Yet never one told all you are --
It was as though a net of words
Were flung to catch a star;
It was as though I curved my hand
And dipped sea-water eagerly,
Only to find it lost the blue
Dark splendor of the sea.
- Sara Teasdale, "The Net"
I always view grocery shopping as an adventure. I love finding a new flavor of potato chips, admiring stunning packaging designs, and rolling my cart as if I were a tulle-trimmed skater along the tile floors. This past weekend had been particularity exciting; I found a pair of Hello Kitty shoes. Now, I like Hello Kitty, but other characters are more appealing to me (I'm not much of a pink person, besides). These shoes were black flats, with Hello Kitty's face sewed on as a patch over the toes.
I stopped the cart, gawked at them, and then check the sizes... children's shoes! Don't worry, dear readers. I was no deterred! The beauty of being short is that I can, on occasion, put my small feet to good use and do impossible things. I found the biggest size - four - and managed to slip them on with no problem. As I looked down at my feet, I was reminded of the Cinderella fairy tale. Her stepsisters tried to fit into her glass slipper but their feet were too big. I believe, in some variants, they even cut off parts of their feet to try to fit them into the slipper. I couldn't imagine cutting off my toes for these Hello Kitty shoes. But still, remembering that fairy tale put me in a bittersweet mood for the rest of the day.
Besides the small feet, I never used to associate myself with Cinderella. I didn't have stepsisters, or a stepmother, and probably did less chores than most children my age. One set of grandparents left the world early, so the remaining set, well, provided me with a grandmother who was better at finding coupons than changing a pumpkin into a coach. I wouldn't expect a stranger to crawl in through the window and change me into a girl ready for the ball. And - this is embarrassing - I never made friends with talking birds or mice.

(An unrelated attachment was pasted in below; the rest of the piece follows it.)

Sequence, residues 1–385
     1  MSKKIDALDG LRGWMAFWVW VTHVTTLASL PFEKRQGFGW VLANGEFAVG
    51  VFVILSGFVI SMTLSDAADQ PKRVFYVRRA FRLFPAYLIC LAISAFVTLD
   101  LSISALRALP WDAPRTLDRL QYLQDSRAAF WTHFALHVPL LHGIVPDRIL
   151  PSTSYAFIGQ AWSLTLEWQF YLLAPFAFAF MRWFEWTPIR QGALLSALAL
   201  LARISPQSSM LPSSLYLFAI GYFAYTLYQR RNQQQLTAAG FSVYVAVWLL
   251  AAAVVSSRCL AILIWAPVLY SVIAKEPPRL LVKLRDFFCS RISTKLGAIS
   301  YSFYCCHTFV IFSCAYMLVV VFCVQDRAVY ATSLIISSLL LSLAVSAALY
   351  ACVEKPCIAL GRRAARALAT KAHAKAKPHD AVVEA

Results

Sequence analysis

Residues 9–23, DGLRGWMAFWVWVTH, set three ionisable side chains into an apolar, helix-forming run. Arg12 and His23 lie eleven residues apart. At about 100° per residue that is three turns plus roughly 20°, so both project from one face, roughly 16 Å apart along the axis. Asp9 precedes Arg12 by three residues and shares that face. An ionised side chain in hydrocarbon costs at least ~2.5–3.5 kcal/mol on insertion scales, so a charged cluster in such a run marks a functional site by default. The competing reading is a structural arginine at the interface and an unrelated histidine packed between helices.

But now that I'm older, I've found that I can understand Cinderella a little better. And acknowledge that, yes, I've done something that she had done.
Would you believe me if I said I left my glass slipper for the prince?
"She then rose up and fled, as nimble as a deer. The Prince followed, but could not overtake her. She left behind one of her glass slippers, which the Prince took up most carefully." - Cinderella
I've always felt that she left the slipper on purpose. Unless you're wearing flip flops, it's hard to just lost a shoe (without tumbling down the stairs and breaking a nose). She must have realized that, no matter how well of a time she had with the prince, she could never have hope of meeting him again without leaving a piece of her behind. You could say, in effect, that the glass slipper was a piece of her heart.
If you do believe me, then I'll tell you this: I made my slippers. Glass is too fragile, too transparent. Fur is too thick and soft. So when I reached for the materials that, I thought, would surely catch the prince's eye, I turned to paper and ink. I wrote until ink stained my fingers, until the text on the page transformed into a story wild with whale-song, lonely planets, and singing stars. The images shivered in the air like holograms, delicate as smoke, as I fashioned the tiny story-shoes around my feet. As Sara Teasdale writes, I had cast my net as best I could.
Rain drenched the walkways leading to the palace. I knew that if I wore the slippers, they would melt away like abandoned ice cream. So I kept them safe and warm inside my bag and trudged to the castle with sneakers. Water ran down my cheeks, clung to my hair, and when I stepped inside, no one paused to look at me. Unlike Cinderella, I had no gossip to precede me.
"There was immediately a profound silence. They left off dancing, and the violins ceased to play, so attentive was everyone to contemplate the singular beauties of the unknown new-comer." - Cinderella
I didn't dance with the prince either. After all, he was the one making the music. Bodies crowded the ballroom, bringing heat to the chilly, rainy evening. The music flowed into my veins and it felt, sometimes, like his voice whispered into my ears. When the ball ended, I stepped outside into the humid air; the rain passed away, leaving a trail of blurred lights and mirror-puddles. And I made sure, while holding my breath, to leave my slipper outside the castle gates. I kept the other one in my bag. A memento. Something to compare the other by if I woke up one morning the rhythm of a knock on my door.
I slept peacefully that night, awakening with the rags still clinging to my skin. The magical night seemed to be nothing but a dream, replaced my peasant thoughts like finishing homework, making breakfast, and finding quarters for my laundry.